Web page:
Tiny in her Halloween costume, Seattle, WA 1983.
Lucky Kargo, pro ballroom dancer, Miami, FL, 1993
Amanda and her cousin Amy, photographed in Valdese, N.C., 1990
Water exercise group in St. Petersburg, Florida, 1986.
Edgar Bergen & his famous sidekick, Charlie McCarthy, Los Angeles, CA, 1978.
Etta James and her dog Strappy, Riverside, CA 1997
Compelling images--such as this one of Mother Teresa at the Home for the Dying in Calcutta, India--have been subjects for many of Mark's books.
This photo of an older couple at a bar, photographed in New York City, 1977, was included in American Odyssey, Mark's most recent compilation of images.
An acclaimed photographer for over three decades, Mary Ellen Mark creates images that explore the oddities and everyday occurrences of today’s world. While most photographers strive for a slick, glamorous look, Mark has always looked beyond this to reveal the true individual and his/her lifestyle on film. Her imagery is stripped bare of pretense and the typical prettified views of life, which she has eschewed to show us something much more provocative. “I really believe in pictures that have content,” Mark emphasizes. “That’s where my heart and soul is.”
Mark describes her work quite simply: “I’m somewhere between a documentary and portrait photographer.” She’s always loved taking pictures of people, and the rapport that she’s created with her subjects is apparent in images of faces that reappear in her work over a period of time.
Her most recent book, American Odyssey—along with a current international traveling exhibition of this work—consists of images photographed throughout America over the past 35 years. However, she’s traveled worldwide to take pictures that reflect a great deal of empathy toward the human condition, and much of this work is the subject of other books and magazine photo essays. For example, her portrayals of Mother Teresa, Indian circuses and brothels in Bombay are the products of many years of work in India.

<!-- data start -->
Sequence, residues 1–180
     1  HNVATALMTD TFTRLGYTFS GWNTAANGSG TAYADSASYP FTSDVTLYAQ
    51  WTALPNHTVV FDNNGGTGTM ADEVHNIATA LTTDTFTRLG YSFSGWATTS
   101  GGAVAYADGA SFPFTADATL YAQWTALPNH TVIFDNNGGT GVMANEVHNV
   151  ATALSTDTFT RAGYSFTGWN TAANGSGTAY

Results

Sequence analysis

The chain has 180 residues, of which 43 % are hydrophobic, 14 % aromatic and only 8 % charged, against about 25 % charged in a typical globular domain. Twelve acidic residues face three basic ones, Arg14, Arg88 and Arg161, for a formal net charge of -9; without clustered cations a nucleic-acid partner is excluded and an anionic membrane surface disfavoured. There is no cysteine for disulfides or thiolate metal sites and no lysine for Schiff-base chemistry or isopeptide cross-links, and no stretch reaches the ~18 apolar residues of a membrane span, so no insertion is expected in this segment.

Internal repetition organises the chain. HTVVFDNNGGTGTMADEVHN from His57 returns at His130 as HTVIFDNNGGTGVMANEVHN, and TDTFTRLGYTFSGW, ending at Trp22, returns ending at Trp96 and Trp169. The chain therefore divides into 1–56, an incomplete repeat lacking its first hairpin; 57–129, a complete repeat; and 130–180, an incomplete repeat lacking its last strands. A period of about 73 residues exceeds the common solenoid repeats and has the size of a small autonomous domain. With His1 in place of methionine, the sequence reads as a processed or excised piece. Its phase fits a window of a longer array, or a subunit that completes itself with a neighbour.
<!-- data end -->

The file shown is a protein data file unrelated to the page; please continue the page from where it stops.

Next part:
She’s also photographed many celebrities over the years—ranging from Edgar Bergen to Agnes Martin—yet she downplays this aspect of her work and says she’s never considered herself a celebrity photographer. “The images that people remember are the ones that I’ve just found; ones that I’ve just gone off and taken.”
Indeed, her most notable photos are of subjects that reflect a less glamorous lifestyle, like a young woman named Tiny, looking very somber in a Halloween costume; the Damm family, who once lived in their car and now exist under difficult circumstances; as well as varied characters such as prom-goers, cross-dressers, and Halloween trick-or-treaters.
A LOVE FOR HER CRAFT
In Mark’s words, “I’ve always loved photography.” As a child, she owned a Brownie and was “Fascinated with all that photography meant.” She later attended the University of Pennsylvania in Philadelphia, where she majored in fine art and took a lot of painting and art history classes. She graduated with a scholarship to attend the Annenberg School for Communication (part of the University of Pennsylvania_. “I was very oriented in the arts at that time,” she recalls.
As a photography major at Annenberg, she says, “There was no question in my mind that it was what I wanted to do.” The school generously loaned equipment to its students, and Mark set out photographing people on the street with a borrowed Leica. Her talent and enthusiasm was apparent early on. “I was very passionate about photography and my instructors were very encouraging,” she says.
After graduate, she was the recipient of a Fulbright scholarship to take photographs in Turkey. She says, “It was wonderful to go to a place and do nothing but make pictures.” When she returned to live in New York, she went to work doing freelance photography and worked for a magazine called Jubilee.
Around this time, a breakthrough assignment came through: Look magazine’s managing editor, Pat Carbine, sent Mark to photograph noted director Federico Fellini on the set of “Satryicon,” being filmed in Rome. This was followed by a photo essay on drug addicts in London, and much magazine work came her way.
From the late ‘60s into the ‘70s, Mark free-lanced for Look, Life, and other prestigious magazines. She also began several personal projects, some of which have since become subjects for her numerous photo books. She was also called upon to shoot movie stills—“documentary work on many different sets.” the first of these was “Alice’s Restaurant” (1968). Later she worked on “Apocalyspe Now” (1977), and several Milos Forman films, including “One Flew Over the Cuckoo’s Nest.” In 1977 Mark returned to the women’s ward at Oregon State Hospital where the film was made. These resulting photos comprised a later book called Ward 81.